Capitol reporters make Special Session, election predictions at Tallahassee Tiger Bay event

TigerbayJourno
'The sausage is cooked and made and curdled and fried long before a bill ever even pops up.'

Five capitol reporters across different news outlets made predictions about several trending political issues while on a panel during a packed Capital Tiger Bay luncheon Wednesday.

The reporters included Christine Sexton of Florida Politics, Matt Dixon of POLITICO Florida, Dara Kam of News Service of Florida, John Kennedy of USA Today and Mary Ellen Klas of the Miami Herald/Tampa Bay Times. They made predictions about the upcoming Special Session and 2022 election cycle, while also touching on issues they covered during the Legislative Session.

All five panelists agreed that they don’t expect the Special Session to expand beyond redistricting due to its short three-and-a-half day length and the distance between legislative leadership on pressing issues, like property insurance reform.

Kennedy said legislators would have to quietly negotiate to get bills passed in the timeframe, something he doesn’t believe is likely.

“I don’t know if this Legislature, after failing to cross the finish line in two months on some of these issues, is ready to quietly negotiate a plan that they could pass in three-and-a-half days,” Kennedy said.

According to Kam, such negotiations would have to happen before the Session convened, as the process of watching the sausage being made no longer happens in the public eye.

“There is none of that anymore. The sausage is cooked and made and curdled and fried long before a bill ever even pops up,” Kam said. 

While Gov. Ron DeSantis has said he is open to dealing with more issues during the Special Session, Klas said stating that position was the right political move, but other issues are unlikely to be tacked on. She said she wasn’t confident that the redistricting issue will even be resolved, or avoid a second DeSantis veto.

However, Sexton pointed out that a possible November Special Session that DeSantis has been signaling could come to fruition. She said Speaker Chris Sprowls has been hesitant to tackle property insurance, meaning legislators may want to revisit the issue in November when Sprowls is no longer Speaker.

When the topic on the panel shifted to the 2022 election cycle, Kam predicted that while Charlie Crist will win the Democratic gubernatorial Primary, Republicans will win in every executive race on the ballot, including re-elections for DeSantis, Attorney General Ashley Moody and CFO Jimmy Patronis. Kam also said Senate President Wilton Simpson, a Trilby Republican, was the favorite to be the next Agriculture Commissioner.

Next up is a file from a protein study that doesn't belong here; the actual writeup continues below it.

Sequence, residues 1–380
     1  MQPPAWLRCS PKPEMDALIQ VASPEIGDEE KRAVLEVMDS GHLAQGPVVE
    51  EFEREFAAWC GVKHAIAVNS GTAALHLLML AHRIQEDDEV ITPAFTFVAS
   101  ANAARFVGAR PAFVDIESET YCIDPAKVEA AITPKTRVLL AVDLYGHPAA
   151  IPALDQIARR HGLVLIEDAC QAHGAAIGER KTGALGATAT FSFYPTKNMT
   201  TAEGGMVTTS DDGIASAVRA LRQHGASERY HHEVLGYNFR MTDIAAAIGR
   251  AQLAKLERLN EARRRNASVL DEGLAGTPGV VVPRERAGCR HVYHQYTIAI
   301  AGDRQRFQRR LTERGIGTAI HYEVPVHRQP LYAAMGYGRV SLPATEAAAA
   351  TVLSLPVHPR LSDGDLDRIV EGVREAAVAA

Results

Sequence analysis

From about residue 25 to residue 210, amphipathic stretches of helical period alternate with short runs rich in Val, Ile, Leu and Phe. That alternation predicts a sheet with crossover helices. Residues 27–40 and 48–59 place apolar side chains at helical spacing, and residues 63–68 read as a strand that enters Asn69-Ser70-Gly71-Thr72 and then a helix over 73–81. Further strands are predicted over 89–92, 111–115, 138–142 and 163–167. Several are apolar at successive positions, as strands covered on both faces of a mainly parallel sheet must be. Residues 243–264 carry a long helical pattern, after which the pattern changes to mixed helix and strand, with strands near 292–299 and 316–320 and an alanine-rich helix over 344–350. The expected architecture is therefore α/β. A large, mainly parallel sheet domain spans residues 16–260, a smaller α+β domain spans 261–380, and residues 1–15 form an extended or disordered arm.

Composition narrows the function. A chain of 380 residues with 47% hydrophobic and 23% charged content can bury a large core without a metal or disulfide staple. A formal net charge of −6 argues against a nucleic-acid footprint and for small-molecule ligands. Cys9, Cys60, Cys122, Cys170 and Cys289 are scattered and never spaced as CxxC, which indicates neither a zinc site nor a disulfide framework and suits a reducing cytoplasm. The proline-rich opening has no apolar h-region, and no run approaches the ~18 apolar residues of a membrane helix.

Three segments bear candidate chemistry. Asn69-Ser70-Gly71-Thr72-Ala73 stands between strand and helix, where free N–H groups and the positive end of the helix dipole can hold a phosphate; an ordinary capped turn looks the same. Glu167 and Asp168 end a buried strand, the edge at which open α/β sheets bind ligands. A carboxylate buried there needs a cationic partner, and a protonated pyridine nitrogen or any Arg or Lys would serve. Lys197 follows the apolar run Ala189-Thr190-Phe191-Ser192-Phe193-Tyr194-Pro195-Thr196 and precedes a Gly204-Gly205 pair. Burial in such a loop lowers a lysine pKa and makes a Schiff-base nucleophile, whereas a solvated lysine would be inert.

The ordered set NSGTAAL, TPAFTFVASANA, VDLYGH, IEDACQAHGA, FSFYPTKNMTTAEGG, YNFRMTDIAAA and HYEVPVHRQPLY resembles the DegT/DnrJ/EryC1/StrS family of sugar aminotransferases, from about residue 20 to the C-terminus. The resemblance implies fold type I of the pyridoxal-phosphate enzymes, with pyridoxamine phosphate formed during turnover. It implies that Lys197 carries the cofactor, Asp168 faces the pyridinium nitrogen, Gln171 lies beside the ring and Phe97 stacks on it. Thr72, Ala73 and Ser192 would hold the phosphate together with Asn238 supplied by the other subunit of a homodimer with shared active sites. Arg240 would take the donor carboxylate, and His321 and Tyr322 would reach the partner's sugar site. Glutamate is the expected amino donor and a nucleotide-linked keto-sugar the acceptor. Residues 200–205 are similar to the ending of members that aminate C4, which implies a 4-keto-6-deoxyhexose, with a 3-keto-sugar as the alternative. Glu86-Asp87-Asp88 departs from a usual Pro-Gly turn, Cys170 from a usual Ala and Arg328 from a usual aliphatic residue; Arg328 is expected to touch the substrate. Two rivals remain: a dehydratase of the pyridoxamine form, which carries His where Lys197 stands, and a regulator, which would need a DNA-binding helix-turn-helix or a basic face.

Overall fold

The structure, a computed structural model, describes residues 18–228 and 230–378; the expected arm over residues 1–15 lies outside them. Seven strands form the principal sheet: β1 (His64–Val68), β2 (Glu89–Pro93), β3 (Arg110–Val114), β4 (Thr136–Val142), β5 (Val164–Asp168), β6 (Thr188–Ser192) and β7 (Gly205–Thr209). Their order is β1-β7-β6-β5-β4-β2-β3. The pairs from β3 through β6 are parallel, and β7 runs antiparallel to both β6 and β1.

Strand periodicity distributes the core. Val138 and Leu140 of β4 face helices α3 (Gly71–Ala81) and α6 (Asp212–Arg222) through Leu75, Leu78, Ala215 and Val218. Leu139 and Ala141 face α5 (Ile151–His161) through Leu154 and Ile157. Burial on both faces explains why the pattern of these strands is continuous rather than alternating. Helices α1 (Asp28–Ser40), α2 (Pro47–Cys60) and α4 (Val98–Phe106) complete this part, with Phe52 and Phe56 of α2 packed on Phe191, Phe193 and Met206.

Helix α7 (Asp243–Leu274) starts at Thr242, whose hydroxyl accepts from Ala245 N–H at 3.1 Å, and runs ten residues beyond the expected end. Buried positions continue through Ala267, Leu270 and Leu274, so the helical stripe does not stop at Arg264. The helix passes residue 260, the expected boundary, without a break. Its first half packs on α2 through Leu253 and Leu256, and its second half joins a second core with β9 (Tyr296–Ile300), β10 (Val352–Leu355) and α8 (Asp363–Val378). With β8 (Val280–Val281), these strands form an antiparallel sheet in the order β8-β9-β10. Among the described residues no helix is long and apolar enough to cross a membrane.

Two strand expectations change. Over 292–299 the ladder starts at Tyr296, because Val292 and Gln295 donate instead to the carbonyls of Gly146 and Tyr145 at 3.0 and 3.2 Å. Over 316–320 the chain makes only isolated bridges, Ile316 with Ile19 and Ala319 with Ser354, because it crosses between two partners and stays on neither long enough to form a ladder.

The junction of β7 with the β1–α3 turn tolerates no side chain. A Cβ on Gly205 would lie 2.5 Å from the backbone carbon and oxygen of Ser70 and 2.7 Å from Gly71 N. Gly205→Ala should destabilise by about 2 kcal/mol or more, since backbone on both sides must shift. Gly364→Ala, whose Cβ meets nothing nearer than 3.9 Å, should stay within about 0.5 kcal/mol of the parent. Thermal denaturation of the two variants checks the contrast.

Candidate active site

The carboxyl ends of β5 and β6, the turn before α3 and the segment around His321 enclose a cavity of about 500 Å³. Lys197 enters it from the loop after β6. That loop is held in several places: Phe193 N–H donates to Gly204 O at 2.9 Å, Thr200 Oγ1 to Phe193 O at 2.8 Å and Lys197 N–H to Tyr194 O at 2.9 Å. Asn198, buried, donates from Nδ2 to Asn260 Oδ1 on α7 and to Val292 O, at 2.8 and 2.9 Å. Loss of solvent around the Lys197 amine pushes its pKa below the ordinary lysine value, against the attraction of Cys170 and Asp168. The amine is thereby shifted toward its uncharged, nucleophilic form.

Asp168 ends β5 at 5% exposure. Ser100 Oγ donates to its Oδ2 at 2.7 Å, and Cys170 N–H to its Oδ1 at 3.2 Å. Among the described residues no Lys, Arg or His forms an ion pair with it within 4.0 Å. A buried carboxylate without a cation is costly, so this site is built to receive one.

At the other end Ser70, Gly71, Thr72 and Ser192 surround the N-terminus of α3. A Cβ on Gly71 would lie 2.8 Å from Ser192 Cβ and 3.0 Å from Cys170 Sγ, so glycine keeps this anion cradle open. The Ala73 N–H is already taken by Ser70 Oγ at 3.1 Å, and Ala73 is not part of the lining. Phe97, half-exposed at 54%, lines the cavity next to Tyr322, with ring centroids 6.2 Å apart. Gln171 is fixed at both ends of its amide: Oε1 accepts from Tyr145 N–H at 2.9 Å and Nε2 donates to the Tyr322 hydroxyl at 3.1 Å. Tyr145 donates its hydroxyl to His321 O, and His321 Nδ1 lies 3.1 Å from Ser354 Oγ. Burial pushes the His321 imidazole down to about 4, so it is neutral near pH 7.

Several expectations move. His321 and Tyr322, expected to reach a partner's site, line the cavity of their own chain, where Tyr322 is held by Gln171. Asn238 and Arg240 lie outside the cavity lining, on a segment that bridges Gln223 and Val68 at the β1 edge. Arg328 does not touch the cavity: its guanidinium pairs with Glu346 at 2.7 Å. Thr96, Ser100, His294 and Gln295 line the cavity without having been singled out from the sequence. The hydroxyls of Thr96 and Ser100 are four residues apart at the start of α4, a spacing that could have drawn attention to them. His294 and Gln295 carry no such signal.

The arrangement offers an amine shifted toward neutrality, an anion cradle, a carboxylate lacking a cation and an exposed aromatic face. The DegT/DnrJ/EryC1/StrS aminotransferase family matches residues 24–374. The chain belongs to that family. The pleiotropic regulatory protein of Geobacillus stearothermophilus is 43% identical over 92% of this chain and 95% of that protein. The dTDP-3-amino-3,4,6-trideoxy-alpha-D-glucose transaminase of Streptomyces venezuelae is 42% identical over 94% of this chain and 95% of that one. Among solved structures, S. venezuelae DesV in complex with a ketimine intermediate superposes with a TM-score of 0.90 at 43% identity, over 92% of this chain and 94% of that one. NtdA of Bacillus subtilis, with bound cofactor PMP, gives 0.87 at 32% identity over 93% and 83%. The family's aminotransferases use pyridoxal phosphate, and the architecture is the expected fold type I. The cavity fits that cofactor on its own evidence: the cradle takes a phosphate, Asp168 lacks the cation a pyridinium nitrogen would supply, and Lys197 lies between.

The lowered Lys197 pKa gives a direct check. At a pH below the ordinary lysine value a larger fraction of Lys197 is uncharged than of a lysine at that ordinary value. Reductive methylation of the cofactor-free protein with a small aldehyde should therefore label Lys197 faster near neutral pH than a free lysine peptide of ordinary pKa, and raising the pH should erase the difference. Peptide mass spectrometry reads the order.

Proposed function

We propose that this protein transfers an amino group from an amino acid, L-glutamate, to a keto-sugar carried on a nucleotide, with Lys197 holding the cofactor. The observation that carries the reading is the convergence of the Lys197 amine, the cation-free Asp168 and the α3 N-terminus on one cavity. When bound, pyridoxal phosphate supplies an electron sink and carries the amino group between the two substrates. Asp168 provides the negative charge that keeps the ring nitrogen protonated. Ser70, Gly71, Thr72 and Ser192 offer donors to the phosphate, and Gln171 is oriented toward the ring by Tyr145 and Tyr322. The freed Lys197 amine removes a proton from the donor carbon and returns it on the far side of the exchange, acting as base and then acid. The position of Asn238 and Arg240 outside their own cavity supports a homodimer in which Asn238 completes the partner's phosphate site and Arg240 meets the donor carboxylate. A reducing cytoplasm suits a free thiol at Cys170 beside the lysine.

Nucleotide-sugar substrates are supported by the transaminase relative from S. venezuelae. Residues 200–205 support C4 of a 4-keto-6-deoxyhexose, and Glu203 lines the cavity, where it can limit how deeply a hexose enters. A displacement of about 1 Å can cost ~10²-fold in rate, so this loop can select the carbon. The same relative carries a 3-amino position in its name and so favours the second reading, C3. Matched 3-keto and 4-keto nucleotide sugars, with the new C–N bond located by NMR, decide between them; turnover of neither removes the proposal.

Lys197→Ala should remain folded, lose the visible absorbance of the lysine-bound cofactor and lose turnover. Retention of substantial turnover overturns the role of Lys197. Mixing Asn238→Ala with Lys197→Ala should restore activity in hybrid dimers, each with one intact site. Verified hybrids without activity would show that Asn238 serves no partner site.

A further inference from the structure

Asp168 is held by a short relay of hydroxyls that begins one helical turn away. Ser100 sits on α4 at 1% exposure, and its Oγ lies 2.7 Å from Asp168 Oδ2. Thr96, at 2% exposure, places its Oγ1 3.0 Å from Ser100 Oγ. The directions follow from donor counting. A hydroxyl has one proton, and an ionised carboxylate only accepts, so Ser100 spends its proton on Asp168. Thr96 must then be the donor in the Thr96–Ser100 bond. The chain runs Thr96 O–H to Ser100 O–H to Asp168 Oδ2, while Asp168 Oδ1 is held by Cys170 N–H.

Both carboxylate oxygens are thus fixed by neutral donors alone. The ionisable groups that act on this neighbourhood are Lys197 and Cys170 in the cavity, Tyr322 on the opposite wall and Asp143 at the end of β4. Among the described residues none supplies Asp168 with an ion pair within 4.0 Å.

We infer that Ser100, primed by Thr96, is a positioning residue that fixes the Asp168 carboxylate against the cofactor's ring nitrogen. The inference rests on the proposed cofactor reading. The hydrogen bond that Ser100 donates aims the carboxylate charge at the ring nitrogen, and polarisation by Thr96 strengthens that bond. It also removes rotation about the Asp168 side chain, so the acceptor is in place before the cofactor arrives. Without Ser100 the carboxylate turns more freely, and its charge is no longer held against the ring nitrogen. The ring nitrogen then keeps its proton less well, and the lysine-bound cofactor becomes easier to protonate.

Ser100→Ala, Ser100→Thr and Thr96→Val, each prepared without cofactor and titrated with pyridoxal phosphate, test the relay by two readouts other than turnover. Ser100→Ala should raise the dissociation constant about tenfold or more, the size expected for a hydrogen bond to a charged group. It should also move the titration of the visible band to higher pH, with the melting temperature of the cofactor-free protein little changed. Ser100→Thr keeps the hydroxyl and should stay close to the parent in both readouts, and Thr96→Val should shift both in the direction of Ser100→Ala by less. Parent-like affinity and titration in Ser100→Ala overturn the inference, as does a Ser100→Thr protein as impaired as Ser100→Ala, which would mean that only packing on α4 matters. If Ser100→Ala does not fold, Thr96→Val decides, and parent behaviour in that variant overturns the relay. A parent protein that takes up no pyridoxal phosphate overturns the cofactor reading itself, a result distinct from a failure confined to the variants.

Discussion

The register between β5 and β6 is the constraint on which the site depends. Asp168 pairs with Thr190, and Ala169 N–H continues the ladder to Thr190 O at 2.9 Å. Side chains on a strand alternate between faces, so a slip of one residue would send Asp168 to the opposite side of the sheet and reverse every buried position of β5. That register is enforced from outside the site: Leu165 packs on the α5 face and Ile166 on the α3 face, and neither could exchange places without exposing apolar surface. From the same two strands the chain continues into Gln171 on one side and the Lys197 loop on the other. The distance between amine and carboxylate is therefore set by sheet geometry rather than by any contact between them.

Every panelist agreed with her prediction, highlighting the historical significance of an all-Republican executive office and what that demonstrates about Democratic opposition in the state.

“Those predictions, if true, will mark a remarkable point in Florida history too, because you will have no Democratic statewide office for the first time since pre-Civil War, since the Whigs were around,” Kennedy said. “I similarly don’t see an avenue for Democrats to win at this point.”

Sexton said Republicans pushing for culture war related bills — like the 15-week abortion bill and the controversial Parental Rights in Education bill — has energized their base in an election year. She added that Republicans are more comfortable that the legislation won’t be shot down because of the Republican appointment-dominated U.S. Supreme Court and a Florida Supreme Court in which DeSantis appointed three judges.

Dixon said rinse and repeat efforts have fueled Democratic failures in the state for the last two decades. He said they have been unsuccessful at mobilizing their supporters to the same level as Republicans, and groups like the Democratic Governors Association don’t think Florida is winnable anymore

“Every year going into an election cycle we talk about, ‘Can Democrats do that this year?’ And every year the panel is like, ‘No.'” Dixon said. “The Republicans will campaign and register voters and talk to voters in off years. Democrats don’t.”

Kennedy said that Florida is turning into a red state. Several of the panelists interjected that it already is.

In a statement to Florida Politics after the event, RNC Spokesperson Julia Friedland agreed with the election predictions.

“Just remember, things could always be worse. You could be a Democrat campaigning in Florida in 2022,” Friedland said.

Tristan Wood

Tristan Wood graduated from the University of Florida in 2021 with a degree in Journalism. A South Florida native, he has a passion for political and accountability reporting. He previously reported for Fresh Take Florida, a news service that covers the Florida Legislature and state political stories operating out of UF’s College of Journalism and Communications. You can reach Tristan at [email protected], or on Twitter @TristanDWood


2 comments

  • Kathy

    March 30, 2022 at 5:27 pm

    Ron Desantis is not going to concede to anything that doesn’t make him happy. He will throw a trump tantrum. Furthermore, if our “Representatives” performed as poorly in the private sector as they currently do, they would be fired. If any one of us took 3 months arguing a topic to move forward, the company would be out of business. It really is ludicrous that we have become so numb to our Government’s behavior (at every level) and lack of working for “we the people” instead of their own interests, nothing will change. We will allow the same charlatans to remain in office and those who retire or die will be replaced by their minions.

  • Charlotte Greenbarg

    March 31, 2022 at 9:06 am

    Oh Kathy, Kathy, you’re having a tantrum as you circle the drain. Democrats brought it on themselves by aligning with the lunatic left.

Comments are closed.


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